- to find directions? (we're men; god forbid that we should have to *ask* someone).

    Come to think of it, I don't actually make that many calls on my iPhone. But even that functionality is there when I need it, and for all that I have to carry around just one tiny, lightweight device. I for one am glad that the functionality of phones has been expanded, the latest meaningful change (to me) being always-on internet that is actually usable.

  • Re:iphone = toy (Score:5, Insightful)

    by JaredOfEuropa (526365) on Saturday February 21, 2009 @09:44PM (#26945495) Journal

    I use my phone for business, most iPhone users are caught up in they hype...the follow the Jones' attitude.

    Rubbish. I use my iPhone for business, where before I used to have a WM device (besides an old iPod, the iPhone is my first Apple device). When I first got the iPhone I hated the little incompatibilities with Outlook and the reliance on iTunes for synching. Actually, I still hate that... but for the rest, I found the iPhone to be vastly superior to WM phones when it comes ease of use. The GUI is fast and responsive, the on-screen keyboard is very usable even with fat fingers (and I hate the tiny physical keyboards that many phones have), and I can hold the phone in a sinlge hand and operate it with the thumb, something I somewhat surprisingly find very convenient.

    It's a matter of preference, I suppose. The iPhone falls well short of full compatibility with Outlook, which is the de facto industry standard in business whether we like it or not. A big mistake on Apple's part if they are truly after the business market (as they claim to be). There's a reliance on iTunes and it only accepts Apple-approved apps, which some may object to. But the ease of use of the phone more than makes up for all that. I'll not switch back anytime soon to a WM phone.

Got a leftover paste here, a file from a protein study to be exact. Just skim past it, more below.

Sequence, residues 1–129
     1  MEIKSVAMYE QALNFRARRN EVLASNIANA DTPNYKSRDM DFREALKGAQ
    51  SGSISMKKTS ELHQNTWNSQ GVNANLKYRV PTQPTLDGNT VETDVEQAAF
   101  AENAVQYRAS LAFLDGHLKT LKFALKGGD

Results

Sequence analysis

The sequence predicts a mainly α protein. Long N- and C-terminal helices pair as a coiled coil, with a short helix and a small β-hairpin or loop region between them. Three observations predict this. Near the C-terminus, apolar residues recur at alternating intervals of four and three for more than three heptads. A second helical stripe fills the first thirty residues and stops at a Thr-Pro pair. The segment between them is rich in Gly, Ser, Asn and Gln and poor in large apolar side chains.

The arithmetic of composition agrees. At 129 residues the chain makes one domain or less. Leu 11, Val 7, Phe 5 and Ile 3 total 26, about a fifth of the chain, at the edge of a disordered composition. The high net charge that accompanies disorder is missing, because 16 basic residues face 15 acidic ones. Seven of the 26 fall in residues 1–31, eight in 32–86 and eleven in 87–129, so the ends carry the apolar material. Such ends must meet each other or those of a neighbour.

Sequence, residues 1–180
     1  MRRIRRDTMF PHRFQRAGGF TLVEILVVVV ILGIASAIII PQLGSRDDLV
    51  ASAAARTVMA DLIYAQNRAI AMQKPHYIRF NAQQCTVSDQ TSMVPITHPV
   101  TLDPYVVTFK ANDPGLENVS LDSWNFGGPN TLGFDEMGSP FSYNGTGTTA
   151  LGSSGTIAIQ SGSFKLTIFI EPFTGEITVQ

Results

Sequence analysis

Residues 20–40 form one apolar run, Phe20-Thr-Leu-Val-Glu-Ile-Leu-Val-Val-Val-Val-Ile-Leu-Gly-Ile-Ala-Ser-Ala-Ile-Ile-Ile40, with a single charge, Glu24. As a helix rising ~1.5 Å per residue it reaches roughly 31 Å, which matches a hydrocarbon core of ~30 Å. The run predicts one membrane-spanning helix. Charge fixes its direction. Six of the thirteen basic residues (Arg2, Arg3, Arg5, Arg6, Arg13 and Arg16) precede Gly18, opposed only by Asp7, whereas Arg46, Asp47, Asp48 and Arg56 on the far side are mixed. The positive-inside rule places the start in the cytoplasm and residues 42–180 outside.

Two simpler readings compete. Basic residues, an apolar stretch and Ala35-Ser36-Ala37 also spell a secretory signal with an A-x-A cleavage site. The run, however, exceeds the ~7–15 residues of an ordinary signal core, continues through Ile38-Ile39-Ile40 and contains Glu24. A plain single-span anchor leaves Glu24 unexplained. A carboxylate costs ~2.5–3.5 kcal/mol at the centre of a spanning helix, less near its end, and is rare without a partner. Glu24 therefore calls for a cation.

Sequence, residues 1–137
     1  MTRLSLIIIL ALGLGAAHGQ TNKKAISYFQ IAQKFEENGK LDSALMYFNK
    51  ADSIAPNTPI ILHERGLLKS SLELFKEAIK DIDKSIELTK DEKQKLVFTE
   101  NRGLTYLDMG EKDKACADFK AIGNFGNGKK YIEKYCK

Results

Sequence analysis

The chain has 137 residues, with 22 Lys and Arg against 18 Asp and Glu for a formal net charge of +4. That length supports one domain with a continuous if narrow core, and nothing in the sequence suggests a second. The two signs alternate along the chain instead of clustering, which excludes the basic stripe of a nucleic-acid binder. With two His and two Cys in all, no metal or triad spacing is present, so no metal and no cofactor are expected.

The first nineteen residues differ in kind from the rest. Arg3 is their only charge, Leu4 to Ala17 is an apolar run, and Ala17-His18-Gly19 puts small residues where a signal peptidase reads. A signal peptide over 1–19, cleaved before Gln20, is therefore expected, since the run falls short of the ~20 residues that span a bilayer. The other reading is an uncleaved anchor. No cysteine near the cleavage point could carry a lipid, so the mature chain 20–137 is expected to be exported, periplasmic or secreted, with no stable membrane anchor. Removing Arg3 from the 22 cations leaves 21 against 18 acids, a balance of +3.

• Re:Not surprising. (Score:2, Insightful)

    by Voyager529 (1363959) <voyager529.yahoo@com> on Sunday February 22, 2009 @02:13AM (#26946713)
    Three things:

    First, the case that you make about iPhone users using less and less functionality as time goes on is probably accurate. My question is whether you believe that this is unique to the iPhone, because I don't think that it is. I'm sure that the WinMo, Symbian, Blackberry, and Android users would have this trait to some extent as well.

    Second, it's not *just* about whether they've got headphones handy. What about people like myself who plug their phone into the car radio? Some people have an iPod dock on their desk at work. One of my friends' mom has an iPod dock in the kitchen. just because I don't carry headphones everywhere doesn't mean that the music functionality goes to waste. It is simply used in a different context.

    Third, let's take this to the desktop. I've got my freeware that I use all the time (Firefox, icechat, digsby, filezilla, ultravnc), my paid apps that I use occasionally, (ACID, Street Atlas, Office 2007), and the apps that I paid through the nose for (Adobe Suite, Mixmeister). Go to Download.com/Tucows/Softpedia and you'll find the same needle-in-haystack story. Apps I pay more for I use more, but I paid alot of money for them because I knew that they would prove extremely useful to me. While it's partially a self-fulfilling prophecy, it's partially just knowing that I need something before I buy it. this is true anywhere and on any platform. As long as there are developers, there are good developers and there are bad developers. It's up to the end user to sift between them.

  • by BrokenHalo (565198) on Sunday February 22, 2009 @04:27AM (#26947165)
    I know I'll probably get shot down in flames for saying this, but you could always use the damn thing as a phone. ;-)

All life evolves by the differential survival of replicating entities. -- Dawkins